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Info? Fake news? Doesn’t matter! For almost two years now, we’ve all been at least once intrigued, surprised and sometimes even shocked by these types of sensational headlines claiming some kind of AI supremacy. One day you’re reading about AI judging offenders, another day about how AI can predict your death, or even how AI has been recognized as an official citizen of a country….
In other words: AI is getting a lot of attention on a daily basis.
Of course HR and, automatically, the labor market can’t escape this frenzy! AI is expected to destroy 47% of jobs between now and 2030 (based on a highly publicized and then much-nuanced study), to ensure the full automation of processes (from recruitment to employee engagement), to ‘boost’ employees with superpowers), or to predict their departure as early as possible…. These ‘HRD-HAL-9000’ scenarios worthy of the best science fiction movies just keep coming.
However, a recent study done by MMC Ventures and widely reported by the generalist press (and sometimes criticized/nuanced) has cast a shadow on this great enthusiasm. Indeed, it highlights the fact that 40% of the startups proudly displaying the ‘AI’ label is in fact not using AI.
But then, where lies the truth?
A “meme” widespread in the woeld of Tech
AIs are everywhere! What are we talking about, anyway?
Under the guise of a trivial question, it is, in reality, a real headache to simply answer this question, as its simplification can be so questionable!
For Wikipedia, “artificial intelligence” is “a set of theories and techniques used to create machines capable of simulating intelligence”.
However, for many experts, it is this vision of AI that is the source of confusion and confusion. Etienne Klein, a physicist and philosopher of science, states, for example, that the initial meaning of the English term “Intelligence” does not necessarily refer to human intelligence but rather to a notion of data collection/intelligence (like the acronym C.I.A. : Central Intelligence Agency).
Mathematicians, philosophers, physicists, computer scientists… each has its own definition. Some are based on concepts of intelligence, others on concepts of understanding human faculties, while others focus more on solving complex problems.
For Jean-Louis Laurière, for example, “AI begins where conventional computing stops: any problem for which there is no known or reasonable algorithm to solve it is a priori the responsibility of the AI”.
And because it would be far too simple to focus on a multifaceted definition, so would the technical and process outlines that constitute the sub-domains of AI.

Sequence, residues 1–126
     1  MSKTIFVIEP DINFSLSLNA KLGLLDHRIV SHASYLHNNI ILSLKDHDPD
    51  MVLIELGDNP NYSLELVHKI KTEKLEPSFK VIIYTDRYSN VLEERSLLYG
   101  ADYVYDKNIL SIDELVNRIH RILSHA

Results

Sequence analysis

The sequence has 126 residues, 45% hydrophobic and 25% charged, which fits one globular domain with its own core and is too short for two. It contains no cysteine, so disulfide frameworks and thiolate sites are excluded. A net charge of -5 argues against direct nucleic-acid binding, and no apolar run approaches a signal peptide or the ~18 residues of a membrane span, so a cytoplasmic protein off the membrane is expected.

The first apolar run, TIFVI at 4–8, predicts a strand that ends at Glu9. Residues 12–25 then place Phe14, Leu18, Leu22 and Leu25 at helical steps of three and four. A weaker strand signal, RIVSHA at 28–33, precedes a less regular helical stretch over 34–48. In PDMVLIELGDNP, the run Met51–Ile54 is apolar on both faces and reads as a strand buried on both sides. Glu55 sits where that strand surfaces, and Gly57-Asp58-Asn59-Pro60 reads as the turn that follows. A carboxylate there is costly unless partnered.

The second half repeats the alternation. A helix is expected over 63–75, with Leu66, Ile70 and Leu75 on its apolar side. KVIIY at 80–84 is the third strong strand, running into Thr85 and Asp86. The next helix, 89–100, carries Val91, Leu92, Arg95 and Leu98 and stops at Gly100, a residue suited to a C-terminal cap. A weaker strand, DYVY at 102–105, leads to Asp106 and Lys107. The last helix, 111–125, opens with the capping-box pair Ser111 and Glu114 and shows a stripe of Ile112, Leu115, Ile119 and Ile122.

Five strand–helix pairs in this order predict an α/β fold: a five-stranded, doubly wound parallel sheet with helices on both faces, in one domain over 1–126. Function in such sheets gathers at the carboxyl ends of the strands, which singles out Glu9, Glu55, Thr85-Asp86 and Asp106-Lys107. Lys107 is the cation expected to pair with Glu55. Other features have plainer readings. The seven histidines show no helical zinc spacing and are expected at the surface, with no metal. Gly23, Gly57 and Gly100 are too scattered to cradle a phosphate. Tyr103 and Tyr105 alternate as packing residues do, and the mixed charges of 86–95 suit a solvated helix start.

More and more extraordinary definitions…
Learner algorithms, unsupervised Machine Learning, neural networks or other deep learning, reason to our ears as something familiar, to such an extent that we no longer even know (in case we knew it…) what it really is!
An overview of the uses of artificial intelligence by Olivier Ezratty
The use of an anthropomorphism of advanced technology (for example: comparing a statistical method with neural networks in the human brain) has indeed allowed a strong popularization of numerous computational and mathematical concepts and has given us the impression that we understand everything (or at least almost).
This has also allowed AI innovation to be widely distributed and to reach the famous “Tipping Point”. This shift from quasi-anonymity to mass celebrity has sparked a long period of curiosity, excitement, and fear but also of intense fantasies and surprising projections.
The evolution of Google searches for the keyword “Artificial Intelligence” in France
since 2015 highlights this phenomenon.
….. and more and more contested!
However, faced with this sometimes limitless enthusiasm, there are more and more people who want to qualify and exploit AI announcements. They want to underline the significant gaps that exist between the projections, whether they are utopian or dystopian and our current technological means:
- Whether it’s Cathy O’Neil, a mathematician formerly dedicated to the service of ‘Algorithms of Mass Destruction’ whose complexity is such that their result, while sometimes non-conclusive, can no longer be contested,
- Eric Sadin – a French philosopher – who questions the sense of a single thought in favor of automation and AI that ‘speaks the truth’,
- Antoine Casili whose latest book ‘Waiting for the robots’ examines the background of the famous GAFA whose AI are in fact artificially artificial (working largely thanks to labor platforms based on clicks and /or to free contributions of its users (for example reCAPTCHA, like, tags, etc.)),
The famous scam of the “Mechanical Turk” in the 18th century
presented by A. Casilli.
- or former engineers like Luc Julia – known for designing Apple’s vocal assistant Siri – who reminds us in his book that ‘AI doesn’t exist’ to what extent these assistants are ‘stupid’.
When we dig deeper, we quickly realize that the analogies between computational concepts and the human brain as announced by the over-mediatization of AI are, for now, Hollywood-like scenarios that won’t happen in the next few years, decades and sometimes even centuries!
In the second part of this article, we’ll see how these fantasized concepts of AI confront today’s pragmatism, especially in HR.